Arlington County has been awarded $250,000 from CareFirst BlueCross BlueShield (CareFirst) to help people with substance use disorders.
The grant is part of the insurer’s nearly $2.1-million investment in community health organizations working to combat substance use disorders, including opioid use disorders, in Maryland, Northern Virginia and Washington, D.C. Arlington is one of 11 communities to receive this competitive funding.
The grants will help Arlington and other communities bolster their substance use disorder treatment and prevention programs and expand their patients’ access to those programs. CareFirst’s contribution to the nonprofit health organizations is expected to impact more than 115,000 patients suffering from a substance use disorder.
“We’re pleased that CareFirst has included Arlington in this important regional effort,” County Board Chair Katie Cristol said. “This grant shows CareFirst’s commitment to finding ways to address the opioid crisis through partnerships with the community-based health clinics that are on the ‘front lines’ of this battle—including our Department of Human Services and Community Services Board.”
The County Board is expected to formally accept and appropriate the grant award at its Nov. 17 meeting.
The Arlington Department of Human Services (DHS) pursued the competitive grant opportunity to expand treatment and outreach for individuals with substance use disorders and who are at high risk of overdose and death. As part of the grant DHS will:
- Provide training to local hospital and primary care partners on Screening, Brief Interventions and Referral to Treatment (SBIRT), an evidence-based community intervention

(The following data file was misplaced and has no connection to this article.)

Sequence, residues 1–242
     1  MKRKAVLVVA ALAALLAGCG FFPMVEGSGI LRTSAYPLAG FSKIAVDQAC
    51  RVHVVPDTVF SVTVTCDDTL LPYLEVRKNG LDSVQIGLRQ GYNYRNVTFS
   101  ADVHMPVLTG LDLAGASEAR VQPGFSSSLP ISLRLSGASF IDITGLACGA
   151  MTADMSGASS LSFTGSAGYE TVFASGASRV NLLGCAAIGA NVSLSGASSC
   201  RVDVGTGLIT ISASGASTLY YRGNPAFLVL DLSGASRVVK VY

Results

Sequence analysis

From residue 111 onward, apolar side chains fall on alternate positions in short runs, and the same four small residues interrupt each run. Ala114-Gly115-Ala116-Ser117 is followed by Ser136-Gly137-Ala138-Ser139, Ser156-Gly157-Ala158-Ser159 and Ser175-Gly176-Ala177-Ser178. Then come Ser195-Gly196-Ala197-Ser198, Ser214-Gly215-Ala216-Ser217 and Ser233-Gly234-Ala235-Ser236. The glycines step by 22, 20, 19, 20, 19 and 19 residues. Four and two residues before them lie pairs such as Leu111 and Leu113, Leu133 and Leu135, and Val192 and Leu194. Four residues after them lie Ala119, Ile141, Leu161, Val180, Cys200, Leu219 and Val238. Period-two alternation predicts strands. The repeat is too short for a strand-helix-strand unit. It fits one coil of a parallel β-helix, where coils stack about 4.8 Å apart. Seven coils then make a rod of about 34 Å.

- Staff a phone line seven days a week to conduct post-Emergency Department follow-up to individuals with substance use crises and to follow up on community overdose hotspots
- Assist in the Operation Safe Station project, a partnership with the Commonwealth Attorney’s Office, the Arlington County Police Department, and DHS that will allow people to come to the Magistrate’s office to surrender drugs/paraphernalia and request treatment
- Expand training on naloxone administration
- Expand peer supports to individuals currently receiving substance use treatment services
The grant allows for the expansion of services, enhanced outreach capacity, and community training and engagement. Primary outcome measures include:
- Increased capacity for assessment, screening and referral by community providers
- Reduced overdoses, fatalities and substance use crises
- Increased pretreatment and prevention education
- Increased knowledge in best prescribing practices for individuals with substance use disorders
The grant provides $250,000 over a two-year period. No local funding match is required.
Arlington and the Opioid Crisis
Arlington has not been immune from the nationwide explosion of opioid overdoses. The number of recorded overdoses in Arlington jumped from 10 in both 2014 and 2015 to 45 in 2016 and 74 in 2017. There have been 40 recorded overdoses in Arlington so far in 2018.
The Arlington Addiction Recovery Initiative (AARI), launched in 2017, is a collaborative group of community partners working to raise awareness of the opioid crisis. AARI continues to focus on the response to opioid related issues, including prevention services, increasing access to treatment, and community outreach. The initiative includes stakeholders from across the community, including providers specializing in the treatment of substance use disorders, Public Safety, Public Schools, medical providers, and residents who have been personally affected by this crisis.